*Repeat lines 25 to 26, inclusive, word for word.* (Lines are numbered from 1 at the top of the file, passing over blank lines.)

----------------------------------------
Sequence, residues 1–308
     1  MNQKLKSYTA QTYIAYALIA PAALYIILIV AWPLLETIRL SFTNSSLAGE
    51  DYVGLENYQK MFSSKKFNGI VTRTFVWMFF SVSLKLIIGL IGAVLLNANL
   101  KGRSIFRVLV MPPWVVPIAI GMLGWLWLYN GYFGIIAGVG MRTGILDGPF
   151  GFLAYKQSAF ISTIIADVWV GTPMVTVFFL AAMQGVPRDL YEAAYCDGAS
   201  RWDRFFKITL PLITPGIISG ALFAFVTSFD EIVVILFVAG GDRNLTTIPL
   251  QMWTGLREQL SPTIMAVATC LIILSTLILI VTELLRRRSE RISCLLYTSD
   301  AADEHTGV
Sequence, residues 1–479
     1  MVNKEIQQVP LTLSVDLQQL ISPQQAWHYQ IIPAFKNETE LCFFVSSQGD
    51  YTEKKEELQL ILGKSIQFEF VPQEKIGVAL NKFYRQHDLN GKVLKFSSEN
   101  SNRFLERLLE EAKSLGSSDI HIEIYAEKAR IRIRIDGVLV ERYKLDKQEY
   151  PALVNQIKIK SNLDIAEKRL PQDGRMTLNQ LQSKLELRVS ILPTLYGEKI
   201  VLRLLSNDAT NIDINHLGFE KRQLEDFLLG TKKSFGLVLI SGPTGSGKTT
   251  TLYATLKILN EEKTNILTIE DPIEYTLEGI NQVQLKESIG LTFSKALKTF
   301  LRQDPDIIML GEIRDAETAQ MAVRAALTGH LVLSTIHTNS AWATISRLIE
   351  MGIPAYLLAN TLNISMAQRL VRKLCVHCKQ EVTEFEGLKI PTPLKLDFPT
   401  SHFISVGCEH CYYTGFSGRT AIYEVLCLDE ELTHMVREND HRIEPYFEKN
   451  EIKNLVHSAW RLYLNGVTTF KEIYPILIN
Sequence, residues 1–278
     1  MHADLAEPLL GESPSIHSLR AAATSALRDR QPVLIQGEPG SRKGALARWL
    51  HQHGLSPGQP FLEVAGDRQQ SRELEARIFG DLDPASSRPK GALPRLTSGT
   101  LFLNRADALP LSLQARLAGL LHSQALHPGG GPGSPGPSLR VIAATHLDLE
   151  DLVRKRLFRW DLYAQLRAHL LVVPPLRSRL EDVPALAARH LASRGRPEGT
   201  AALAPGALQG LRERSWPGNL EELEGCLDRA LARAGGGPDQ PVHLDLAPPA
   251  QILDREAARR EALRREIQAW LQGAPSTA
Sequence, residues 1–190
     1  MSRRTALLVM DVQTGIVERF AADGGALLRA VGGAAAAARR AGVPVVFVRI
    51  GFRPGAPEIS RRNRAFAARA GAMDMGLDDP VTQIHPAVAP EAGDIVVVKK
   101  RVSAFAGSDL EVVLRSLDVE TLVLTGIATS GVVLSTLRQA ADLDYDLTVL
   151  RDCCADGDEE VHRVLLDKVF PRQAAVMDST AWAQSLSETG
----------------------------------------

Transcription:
   201  AALAPGALQG LRERSWPGNL EELEGCLDRA LARAGGGPDQ PVHLDLAPPA
   251  QILDREAARR EALRREIQAW LQGAPSTA